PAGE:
A bill that would allow New Jersey municipalities to publish legal notices on their websites instead of print newspapers is on hold in the state legislature after a strong editorial push from the print industry, however Brick officials say they would support the measure if it is considered in the future.
The bipartisan bill would save tens of millions of taxpayer dollars per year, according to Gov. Chris Christie. As it currently stands, municipalities in New Jersey must publish legal notices – generally announcements on ordinances, bonding measures, sheriff’s sales and construction projects – in print newspapers at a set rate. Publishing the notices on websites, including digital-only news sites, does not fill the legal requirement.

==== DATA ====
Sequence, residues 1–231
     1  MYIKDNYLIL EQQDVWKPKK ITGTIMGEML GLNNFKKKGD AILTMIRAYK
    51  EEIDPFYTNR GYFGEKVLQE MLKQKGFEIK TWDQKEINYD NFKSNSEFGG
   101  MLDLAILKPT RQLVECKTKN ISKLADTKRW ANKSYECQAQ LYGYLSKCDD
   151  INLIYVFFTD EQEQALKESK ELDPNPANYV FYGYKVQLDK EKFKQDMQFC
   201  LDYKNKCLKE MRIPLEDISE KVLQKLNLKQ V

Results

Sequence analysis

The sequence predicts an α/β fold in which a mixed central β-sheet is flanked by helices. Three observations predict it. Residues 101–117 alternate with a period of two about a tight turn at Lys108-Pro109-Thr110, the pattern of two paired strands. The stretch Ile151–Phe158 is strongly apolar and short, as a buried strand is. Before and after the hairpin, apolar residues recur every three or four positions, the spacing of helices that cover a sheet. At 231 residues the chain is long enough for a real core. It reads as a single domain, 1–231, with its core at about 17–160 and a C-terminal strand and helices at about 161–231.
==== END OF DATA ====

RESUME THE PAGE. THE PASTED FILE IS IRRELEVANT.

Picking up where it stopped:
“To me, if there’s a way to save taxpayers’ money, I’m for it,” said Brick Mayor John Ducey. “The less the town has to spend on anything, the better it is for the taxpayer.”
Joanne Bergin, Business Administrator, said Brick spent $32,000 in 2016 on legal advertising in the Asbury Park Press, and $55,000 the previous year.
The print industry strongly opposed the bill, running vicious editorials and lobbying lawmakers heavily through the New Jersey Press Association, an industry group. The industry said requiring notices in print allows for governmental transparency, and claimed Christie sought the bill’s passage as “revenge” for unfavorable press. Print newspapers, many struggling financially, would have shed about 200 to 300 jobs if the revenue stream from the ads dried up.
The 2016 legislative session in New Jersey is over, but leaders in the Democrat-led chambers have said the bill will be a priority once the 2017 session begins.